Last year, after participating for the first time in Venice’s Biennale, India started its own Biennale in Kochi last month. Featuring more than 80 artists, the Kochi Muziris Biennale is the largest international contemporary art event ever to take place in India. Throughout Kerala’s 2nd largest city, galleries, warehouses and public lots have been transformed into creative venues for film, installation, painting, sculpture, new media and performance art.
According to an interview with BBC: “India very badly needed a space where there was a meeting of art, that brought contemporary art to more people,” says Riyas Komu, who conceived the idea for the Kochi-Muziris Biennale along with Mumbai-based artist Bose Krishnamachari.
Today, while walking through the diverse port city, we stumbled across a site specific piece by Indian artist of objects posing as artifacts, describing a single moment while its significance remains unknown. While we were there children came and left on bicycles. Tourists and viewers walked about at their own pace. Though there are tickets for sale at one of the sites there is no one to collect them or monitor admission. On the contrary the art exists everywhere; painted on shutters and muraled on walls.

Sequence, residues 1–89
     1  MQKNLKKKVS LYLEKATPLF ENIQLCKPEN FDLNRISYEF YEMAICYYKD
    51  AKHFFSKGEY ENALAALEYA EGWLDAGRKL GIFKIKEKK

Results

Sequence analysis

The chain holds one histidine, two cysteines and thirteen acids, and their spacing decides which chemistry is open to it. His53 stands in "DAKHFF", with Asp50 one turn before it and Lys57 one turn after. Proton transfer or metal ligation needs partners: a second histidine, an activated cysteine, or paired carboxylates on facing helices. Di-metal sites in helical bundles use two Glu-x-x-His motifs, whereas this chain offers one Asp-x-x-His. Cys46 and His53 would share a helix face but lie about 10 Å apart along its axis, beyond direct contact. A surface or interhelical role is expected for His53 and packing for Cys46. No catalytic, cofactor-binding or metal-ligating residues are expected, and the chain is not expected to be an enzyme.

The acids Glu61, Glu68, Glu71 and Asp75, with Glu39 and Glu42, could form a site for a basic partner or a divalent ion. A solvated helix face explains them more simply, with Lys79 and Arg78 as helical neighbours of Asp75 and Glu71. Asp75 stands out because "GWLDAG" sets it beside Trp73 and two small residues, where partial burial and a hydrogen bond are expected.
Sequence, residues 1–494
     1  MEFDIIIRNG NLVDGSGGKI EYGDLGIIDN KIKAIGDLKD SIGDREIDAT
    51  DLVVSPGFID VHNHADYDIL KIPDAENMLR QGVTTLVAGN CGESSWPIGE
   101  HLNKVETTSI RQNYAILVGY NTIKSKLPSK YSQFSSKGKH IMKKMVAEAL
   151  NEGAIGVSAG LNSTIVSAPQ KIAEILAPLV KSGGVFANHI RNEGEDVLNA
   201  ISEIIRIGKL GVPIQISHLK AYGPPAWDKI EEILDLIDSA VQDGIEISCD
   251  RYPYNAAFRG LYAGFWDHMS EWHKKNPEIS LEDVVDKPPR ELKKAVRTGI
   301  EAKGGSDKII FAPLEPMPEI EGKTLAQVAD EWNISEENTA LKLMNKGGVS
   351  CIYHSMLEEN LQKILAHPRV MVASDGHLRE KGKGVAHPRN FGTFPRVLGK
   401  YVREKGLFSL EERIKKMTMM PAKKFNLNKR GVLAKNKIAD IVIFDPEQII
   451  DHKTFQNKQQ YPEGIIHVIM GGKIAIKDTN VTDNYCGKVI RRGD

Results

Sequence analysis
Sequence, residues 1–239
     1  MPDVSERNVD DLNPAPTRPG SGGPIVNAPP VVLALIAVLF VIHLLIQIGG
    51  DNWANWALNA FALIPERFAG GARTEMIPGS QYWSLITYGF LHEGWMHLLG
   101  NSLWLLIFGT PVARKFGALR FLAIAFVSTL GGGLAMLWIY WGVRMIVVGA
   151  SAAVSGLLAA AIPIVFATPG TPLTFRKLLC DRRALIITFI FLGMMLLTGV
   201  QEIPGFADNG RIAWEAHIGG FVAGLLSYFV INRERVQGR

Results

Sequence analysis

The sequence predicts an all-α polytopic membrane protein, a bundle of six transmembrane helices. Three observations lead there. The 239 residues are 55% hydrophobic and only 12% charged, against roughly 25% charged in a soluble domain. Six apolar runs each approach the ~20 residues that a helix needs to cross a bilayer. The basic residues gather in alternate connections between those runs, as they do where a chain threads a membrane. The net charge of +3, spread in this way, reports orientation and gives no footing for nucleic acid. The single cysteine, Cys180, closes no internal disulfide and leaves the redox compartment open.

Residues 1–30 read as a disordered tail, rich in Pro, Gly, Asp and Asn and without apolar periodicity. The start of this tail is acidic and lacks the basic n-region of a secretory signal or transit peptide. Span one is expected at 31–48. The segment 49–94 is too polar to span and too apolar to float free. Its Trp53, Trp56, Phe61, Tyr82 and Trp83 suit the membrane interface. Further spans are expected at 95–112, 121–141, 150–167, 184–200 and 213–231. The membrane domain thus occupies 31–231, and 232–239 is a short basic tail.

Later, while searching for coffee we found another Biennale venue in David Hall, a dutch bungalow turned gallery/cafe. In addition to hosting events in the gorgeous backyard, the first room is full of art books for browsing. It is the perfect haven for travelers abroad in a country where books like these are few and far between. All in all, the organizers were wonderfully successful in creating a festival atmosphere that encourages the casual passerby to participate, almost without meaning to.
December 12th, 2012-March 13th, 2013
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